I know what you're thinking, this is so cool, can I use OpenVPN to secure my traffic and Pi-hole to filter it? You're in luck again. Although these two projects are entirely separate from each other, they can be used in tandem. You can spin up another EC2 instance alongside OpenVPN and install Pi-hole on it. Once completed, update your OpenVPN config to tell all of its clients to use the new Pi-hole server as the default DNS server. It just so happens that Pi-hole has some documentation on how to go about this. Though the documentation is a great start, it leaves some questions unanswered and assumes your configuration matches theirs.
If only there were an open-source configuration that setups up OpenVPN and Pi-hole on AWS. It would be even better if it also set up the networking components required for OpenVPN and Pi-hole to work together seamlessly. Well, you're in luck. I felt that security and privacy online should be easy to obtain. Yet, there are so many guides and methods for achieving it that most people get lost and either make mistakes or give up in frustration.
SkyHole is an open-source Terraform configuration that will install and configure OpenVPN, Pi-hole, all networking components and leave you with a
client.ovpn file. This file can be imported into any compatible OpenVPN client and used to connect to the VPN instantly. The configuration also contains the required setup for OpenVPN to use Pi-hole.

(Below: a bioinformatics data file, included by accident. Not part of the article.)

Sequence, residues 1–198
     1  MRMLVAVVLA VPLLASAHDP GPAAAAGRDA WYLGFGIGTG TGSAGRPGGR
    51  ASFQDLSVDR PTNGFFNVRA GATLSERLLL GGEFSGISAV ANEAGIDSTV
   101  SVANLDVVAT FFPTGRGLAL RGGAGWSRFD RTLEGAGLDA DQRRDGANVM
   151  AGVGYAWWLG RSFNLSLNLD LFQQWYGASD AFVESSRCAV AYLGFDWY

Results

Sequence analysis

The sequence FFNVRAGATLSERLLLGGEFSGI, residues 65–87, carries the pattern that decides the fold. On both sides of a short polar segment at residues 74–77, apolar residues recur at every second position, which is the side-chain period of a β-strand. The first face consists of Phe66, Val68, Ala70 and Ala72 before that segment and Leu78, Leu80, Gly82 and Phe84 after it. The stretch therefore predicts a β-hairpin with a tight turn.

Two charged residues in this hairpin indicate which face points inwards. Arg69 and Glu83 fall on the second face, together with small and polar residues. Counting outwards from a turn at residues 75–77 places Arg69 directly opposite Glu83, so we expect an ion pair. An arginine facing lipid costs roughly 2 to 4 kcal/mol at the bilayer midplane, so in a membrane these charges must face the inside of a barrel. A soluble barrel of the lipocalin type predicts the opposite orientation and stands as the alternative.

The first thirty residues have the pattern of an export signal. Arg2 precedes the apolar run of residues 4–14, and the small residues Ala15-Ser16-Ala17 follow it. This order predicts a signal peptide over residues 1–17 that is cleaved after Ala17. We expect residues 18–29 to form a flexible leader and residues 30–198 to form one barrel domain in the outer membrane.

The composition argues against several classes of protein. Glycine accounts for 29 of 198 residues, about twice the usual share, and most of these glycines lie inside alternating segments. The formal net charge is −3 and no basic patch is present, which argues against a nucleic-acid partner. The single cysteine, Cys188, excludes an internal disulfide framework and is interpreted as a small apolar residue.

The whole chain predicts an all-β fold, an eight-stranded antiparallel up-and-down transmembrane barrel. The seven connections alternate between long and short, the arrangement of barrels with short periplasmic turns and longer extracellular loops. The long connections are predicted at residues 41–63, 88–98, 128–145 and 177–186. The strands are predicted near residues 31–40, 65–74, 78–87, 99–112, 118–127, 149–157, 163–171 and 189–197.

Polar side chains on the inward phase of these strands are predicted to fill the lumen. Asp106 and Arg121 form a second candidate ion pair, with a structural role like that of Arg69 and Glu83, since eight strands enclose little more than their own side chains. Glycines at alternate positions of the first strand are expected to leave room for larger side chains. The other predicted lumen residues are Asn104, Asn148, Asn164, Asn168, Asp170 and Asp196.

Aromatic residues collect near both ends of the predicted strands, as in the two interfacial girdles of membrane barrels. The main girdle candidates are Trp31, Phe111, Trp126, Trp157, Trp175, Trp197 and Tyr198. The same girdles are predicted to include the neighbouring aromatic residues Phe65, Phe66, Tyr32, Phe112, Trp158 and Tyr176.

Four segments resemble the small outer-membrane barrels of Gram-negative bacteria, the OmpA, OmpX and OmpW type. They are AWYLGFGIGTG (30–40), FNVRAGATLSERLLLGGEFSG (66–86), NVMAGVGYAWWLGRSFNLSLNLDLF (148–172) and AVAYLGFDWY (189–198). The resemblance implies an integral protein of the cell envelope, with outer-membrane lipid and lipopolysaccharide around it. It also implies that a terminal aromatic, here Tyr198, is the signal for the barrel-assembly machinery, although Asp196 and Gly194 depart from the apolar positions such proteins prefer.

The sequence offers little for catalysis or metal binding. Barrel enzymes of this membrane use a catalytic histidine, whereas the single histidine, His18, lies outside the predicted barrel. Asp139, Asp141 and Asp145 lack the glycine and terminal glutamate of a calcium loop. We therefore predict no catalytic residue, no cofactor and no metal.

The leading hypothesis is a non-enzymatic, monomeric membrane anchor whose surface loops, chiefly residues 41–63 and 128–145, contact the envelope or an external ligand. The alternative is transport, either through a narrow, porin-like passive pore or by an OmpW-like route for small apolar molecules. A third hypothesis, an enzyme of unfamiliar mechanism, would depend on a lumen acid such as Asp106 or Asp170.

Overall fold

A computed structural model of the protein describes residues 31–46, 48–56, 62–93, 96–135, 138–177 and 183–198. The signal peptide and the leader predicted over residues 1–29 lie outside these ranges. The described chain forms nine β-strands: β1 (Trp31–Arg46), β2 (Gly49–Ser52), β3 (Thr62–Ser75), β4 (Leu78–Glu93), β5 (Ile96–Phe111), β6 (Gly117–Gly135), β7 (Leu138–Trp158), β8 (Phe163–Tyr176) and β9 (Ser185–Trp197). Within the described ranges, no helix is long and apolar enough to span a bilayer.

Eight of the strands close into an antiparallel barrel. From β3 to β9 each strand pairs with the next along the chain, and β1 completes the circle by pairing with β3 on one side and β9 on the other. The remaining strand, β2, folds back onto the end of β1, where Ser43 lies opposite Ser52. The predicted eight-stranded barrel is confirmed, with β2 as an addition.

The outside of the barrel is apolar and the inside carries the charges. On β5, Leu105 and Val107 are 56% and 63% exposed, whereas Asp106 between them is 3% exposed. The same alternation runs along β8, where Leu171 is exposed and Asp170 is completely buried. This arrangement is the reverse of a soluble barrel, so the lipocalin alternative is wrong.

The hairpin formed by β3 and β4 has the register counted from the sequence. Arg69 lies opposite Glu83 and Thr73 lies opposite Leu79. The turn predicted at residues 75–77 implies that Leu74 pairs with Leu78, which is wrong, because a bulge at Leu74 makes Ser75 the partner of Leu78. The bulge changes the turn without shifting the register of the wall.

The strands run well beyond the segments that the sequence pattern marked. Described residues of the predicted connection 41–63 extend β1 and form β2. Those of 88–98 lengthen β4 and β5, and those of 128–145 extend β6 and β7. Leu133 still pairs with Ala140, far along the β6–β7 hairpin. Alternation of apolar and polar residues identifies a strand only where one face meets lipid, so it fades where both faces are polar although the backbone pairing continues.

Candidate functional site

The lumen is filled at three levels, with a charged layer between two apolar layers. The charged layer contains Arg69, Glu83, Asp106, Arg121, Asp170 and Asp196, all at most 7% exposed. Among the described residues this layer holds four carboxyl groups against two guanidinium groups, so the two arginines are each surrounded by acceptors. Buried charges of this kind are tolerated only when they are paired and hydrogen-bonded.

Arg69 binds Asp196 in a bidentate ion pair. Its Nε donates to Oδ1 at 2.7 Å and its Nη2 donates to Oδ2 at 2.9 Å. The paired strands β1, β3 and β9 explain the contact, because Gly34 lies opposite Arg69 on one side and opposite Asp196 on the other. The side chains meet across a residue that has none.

SkyHole is very opinionated. It's in the early stages of development and has a long way to come, but it works, and it works pretty well. Most of the default OpenVPN settings are replaced with hardened choices. I would greatly appreciate any contributions to the project in the form of suggesting or adding new features, writing, clarifying, or fixing documentation and reporting or fixing bugs. The best part of open-source is anyone can learn from everyone. I hope this project serves as an excellent resource for anyone to take their security and privacy into their own hands.
Lastly, you might think this sounds expensive, but SkyHole uses two of the smallest EC2 instances, which comes out to about $8 a month. Roughly the same amount that other 3rd party VPN services cost, but now you are in full control of the entire VPN implementation.
Stay tuned for other posts involving device security and simple things you can do to shield yourself in this digital age.